During the flyback interval 1 -1,, the negative-going portion 500 of the sawtooth voltage 50 triggers the monostable multivibrator 41 to its quasi-stable state and the output signal at terminal 42 goes high as shown by the waveform 51 of FIG. 3. The complementary signal at terminal 43, which has been high during the interval t,,--t,, goes low simultaneously. The signal 51 remains high during the flyback interval t,t and goes low at the end of this interval when the multivibrator 41 reverts to its stable state. The complementary signal (not shown) at 43, of course, goes high at the end of the interval 1,- r

From the above it will be seen that during the sweep 1 -2,, switches 39 and 40 are closed and the local oscillator is controlled by the sawtooth voltage and center frequency voltage applied on lines 22 and 25 to the amplifier 16. At time t,, switches 32 and 37 are closed and switches 39 and 40 are opened. This removes the control voltages on lines 22 and 25 and connects the output of amplifier 29 to the storage capacitor 33. At the same time, a fixed reference voltage is applied on line 38 to the input of the amplifier 16. This reference voltage is termed a zero set" voltage and is of a value which forces the local oscillator 12, in the absence of error, to produce an output signal of a frequency equal to the IF frequency of the IF amplifier 14. Thus at t if the local oscillator output frequency is not at the IF frequency, the discriminator 27 produces an error voltage on line 28 which is amplified in amplifier 29 limited by diodes 30 and 31 and charges the storage capacitor through a resistance 52.

The "zero set" voltage may be adjusted with the spectrum analyzer in a nonsweeping mode (sawtooth disabled). With the FET switches activated, i.e. switches (32 and 37) closed and switches (39 and 40) open, the zero set control 36 is adjusted for maximum base-line rise on the display indicating that the local oscillator 12 is producing the IF frequency.

The error voltage on line 28 produced by the discriminator 27 is shown by waveform 53 in FIG. 3. This voltage will vary widely during the scanning times t,,t,, t etc., and it is only sampled during the flyback times t t,, 1 -4, etc., and it may be positive or negative. In the example shown in FIG. 3, a positive drift error exists at t,t,. The drift error is negative at the next interval r t, and it is slightly positive at the interval 2,-taJ6.

The voltage on the capacitor 33 cannot change instantaneously but depends on its previous charge and on the charging resistance 52. This capacitor voltage will vary as shown by waveform 54 in FIG. 3, the error voltage tending to drive the capacitor voltage to zero value within several scans.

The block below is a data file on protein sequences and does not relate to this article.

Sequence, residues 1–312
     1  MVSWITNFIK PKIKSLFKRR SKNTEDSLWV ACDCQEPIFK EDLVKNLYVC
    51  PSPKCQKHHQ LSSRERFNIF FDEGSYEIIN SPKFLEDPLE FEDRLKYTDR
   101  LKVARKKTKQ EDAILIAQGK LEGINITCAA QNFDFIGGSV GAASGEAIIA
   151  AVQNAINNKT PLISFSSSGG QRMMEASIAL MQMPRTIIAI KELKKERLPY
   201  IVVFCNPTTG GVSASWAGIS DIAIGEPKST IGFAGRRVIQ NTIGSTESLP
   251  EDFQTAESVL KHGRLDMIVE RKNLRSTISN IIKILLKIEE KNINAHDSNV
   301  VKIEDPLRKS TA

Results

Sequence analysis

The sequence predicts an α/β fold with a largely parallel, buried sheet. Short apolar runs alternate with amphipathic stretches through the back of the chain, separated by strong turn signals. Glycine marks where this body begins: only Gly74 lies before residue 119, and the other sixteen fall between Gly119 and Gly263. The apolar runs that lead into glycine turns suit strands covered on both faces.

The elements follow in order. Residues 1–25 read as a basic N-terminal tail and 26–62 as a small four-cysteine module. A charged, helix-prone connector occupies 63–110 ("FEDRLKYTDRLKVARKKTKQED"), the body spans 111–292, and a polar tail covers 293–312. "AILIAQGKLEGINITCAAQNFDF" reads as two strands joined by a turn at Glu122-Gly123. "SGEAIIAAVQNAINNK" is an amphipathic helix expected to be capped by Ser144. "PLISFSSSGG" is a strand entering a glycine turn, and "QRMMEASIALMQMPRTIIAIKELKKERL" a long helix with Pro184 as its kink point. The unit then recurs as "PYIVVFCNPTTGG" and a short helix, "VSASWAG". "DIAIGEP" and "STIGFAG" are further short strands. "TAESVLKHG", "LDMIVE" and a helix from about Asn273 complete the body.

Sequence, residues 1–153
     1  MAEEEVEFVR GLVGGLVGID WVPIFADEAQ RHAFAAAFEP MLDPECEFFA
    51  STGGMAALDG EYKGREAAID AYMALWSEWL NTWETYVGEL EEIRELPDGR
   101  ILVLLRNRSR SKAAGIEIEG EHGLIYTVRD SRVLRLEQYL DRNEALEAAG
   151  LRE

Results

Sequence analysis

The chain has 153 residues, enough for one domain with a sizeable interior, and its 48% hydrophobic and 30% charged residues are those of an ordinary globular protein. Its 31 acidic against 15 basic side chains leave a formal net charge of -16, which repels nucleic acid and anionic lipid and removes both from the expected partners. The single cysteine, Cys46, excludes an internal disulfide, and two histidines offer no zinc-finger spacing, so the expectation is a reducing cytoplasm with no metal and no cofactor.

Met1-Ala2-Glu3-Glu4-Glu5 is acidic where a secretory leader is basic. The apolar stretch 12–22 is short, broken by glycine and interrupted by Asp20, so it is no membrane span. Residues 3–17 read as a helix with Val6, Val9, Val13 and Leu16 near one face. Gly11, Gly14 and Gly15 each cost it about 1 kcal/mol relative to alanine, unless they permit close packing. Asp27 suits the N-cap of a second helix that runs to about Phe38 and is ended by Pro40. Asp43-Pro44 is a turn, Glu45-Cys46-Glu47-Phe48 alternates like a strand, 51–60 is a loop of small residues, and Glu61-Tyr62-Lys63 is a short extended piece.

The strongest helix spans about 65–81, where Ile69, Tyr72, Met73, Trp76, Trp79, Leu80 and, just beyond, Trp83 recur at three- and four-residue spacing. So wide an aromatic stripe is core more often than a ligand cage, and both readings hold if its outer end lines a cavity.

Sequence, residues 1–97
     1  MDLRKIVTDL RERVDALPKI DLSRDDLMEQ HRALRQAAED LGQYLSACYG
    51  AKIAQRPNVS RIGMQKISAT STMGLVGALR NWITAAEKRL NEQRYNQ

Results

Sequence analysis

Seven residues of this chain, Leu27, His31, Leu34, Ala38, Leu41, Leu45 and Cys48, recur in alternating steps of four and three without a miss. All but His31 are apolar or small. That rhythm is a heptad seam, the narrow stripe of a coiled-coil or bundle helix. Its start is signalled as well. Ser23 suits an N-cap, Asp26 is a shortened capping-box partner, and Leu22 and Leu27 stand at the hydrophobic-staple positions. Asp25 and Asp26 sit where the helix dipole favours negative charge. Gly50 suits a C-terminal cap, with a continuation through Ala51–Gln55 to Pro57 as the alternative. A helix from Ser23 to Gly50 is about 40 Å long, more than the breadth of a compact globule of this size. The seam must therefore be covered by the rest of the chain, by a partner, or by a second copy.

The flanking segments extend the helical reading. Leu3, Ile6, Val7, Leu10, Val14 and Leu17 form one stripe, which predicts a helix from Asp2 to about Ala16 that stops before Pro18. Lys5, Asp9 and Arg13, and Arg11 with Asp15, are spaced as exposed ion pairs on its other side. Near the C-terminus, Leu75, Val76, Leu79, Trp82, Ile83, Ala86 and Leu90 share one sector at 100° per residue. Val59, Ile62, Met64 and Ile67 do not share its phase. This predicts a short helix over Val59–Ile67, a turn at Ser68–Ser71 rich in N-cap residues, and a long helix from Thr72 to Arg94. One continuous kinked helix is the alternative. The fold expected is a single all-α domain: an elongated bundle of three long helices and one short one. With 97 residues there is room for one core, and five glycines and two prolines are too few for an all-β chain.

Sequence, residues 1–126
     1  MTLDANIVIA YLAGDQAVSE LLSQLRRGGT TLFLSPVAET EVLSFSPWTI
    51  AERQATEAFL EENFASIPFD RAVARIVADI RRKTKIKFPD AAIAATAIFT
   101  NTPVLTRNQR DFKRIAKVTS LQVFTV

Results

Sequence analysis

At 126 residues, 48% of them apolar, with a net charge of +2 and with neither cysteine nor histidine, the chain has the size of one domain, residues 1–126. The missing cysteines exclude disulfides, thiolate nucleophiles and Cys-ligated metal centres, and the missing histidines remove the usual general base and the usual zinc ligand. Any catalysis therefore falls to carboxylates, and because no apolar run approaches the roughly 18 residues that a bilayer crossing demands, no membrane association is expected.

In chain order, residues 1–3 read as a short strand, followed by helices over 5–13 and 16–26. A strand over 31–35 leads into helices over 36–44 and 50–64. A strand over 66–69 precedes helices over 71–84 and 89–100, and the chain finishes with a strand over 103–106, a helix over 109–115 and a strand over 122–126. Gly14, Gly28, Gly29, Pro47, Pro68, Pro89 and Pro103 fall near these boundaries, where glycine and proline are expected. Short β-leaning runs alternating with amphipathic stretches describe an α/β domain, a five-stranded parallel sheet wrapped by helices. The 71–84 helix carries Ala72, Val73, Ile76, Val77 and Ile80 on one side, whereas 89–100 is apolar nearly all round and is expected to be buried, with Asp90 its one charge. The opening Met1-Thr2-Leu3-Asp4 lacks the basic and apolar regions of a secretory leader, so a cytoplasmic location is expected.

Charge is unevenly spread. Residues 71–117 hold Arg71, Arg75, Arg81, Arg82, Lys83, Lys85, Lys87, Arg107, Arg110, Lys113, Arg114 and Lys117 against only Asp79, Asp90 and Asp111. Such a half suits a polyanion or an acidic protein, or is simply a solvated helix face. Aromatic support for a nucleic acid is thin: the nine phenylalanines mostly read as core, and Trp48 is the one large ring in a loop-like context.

The capacitor 33 is in the gate-to-source circuit of the FET source follower 34. The high input impedance of the source follower 34 is important in preventing uncontrolled discharge of the capacitor 33 and assures that the capacitor voltage is always a true measure of the integrated error. The output of the source follower 34 is summed during each scan interval with the variable oscillator control voltage consisting of the sawtooth sweep control voltage on line 22 and a fixed center frequency control voltage on line 25. Any tendency for the oscillator average frequency to drift from its established center frequency value is countered by the voltage 54 thus derived from the capacitor 33 as it is repetitively charged by the error voltage 53 during each flyback interval. Averaged over long time periods, this feedback tends to maintain the starting frequency of the oscillator (or zero frequency") at the center frequency of the discriminator, which is the same as the IF frequency.

The choice of time constant in the integrator, which may be controlled essentially by the value of the resistance 52, is de pendent on the sweep time and the natural drift rate of the oscillator 12. it is undesirable for the displayed signal pip to shift back and forth from sweep-to-sweep. It appears that the optimum condition exists when the pip drifts a fraction of a division (such as 5 percent of the total sweep-width) and is pulled back to its correct position in several scans.

It is apparent from the above that the drift correction technique of this invention transfers the ultimate control of oscillator frequency from the instabilities of its circuit components and control voltages to the center frequency stability of a discriminator and the stability of the correction DC amplitier. if necessary, the discriminator can employ crystal control for maximum stability and the stability of present day compensated DC amplifiers is an accomplished fact.

The technique according to this invention is especially valuable when a logarithmic frequency sweep is used covering several decades. The expansion of the frequency scale near zero makes even small drifts highly noticeable and objectionable.

It is to be understood that the embodiment shown and described herein is illustrative only and that further modifications of this invention may be implemented by those skilled in the art without departing from the scope and spirit of the invention. Also, this invention is not limited to linear functions but may be used to transform any known input voltage function of time to the proper frequency function of time. Having thus set forth the nature of this invention,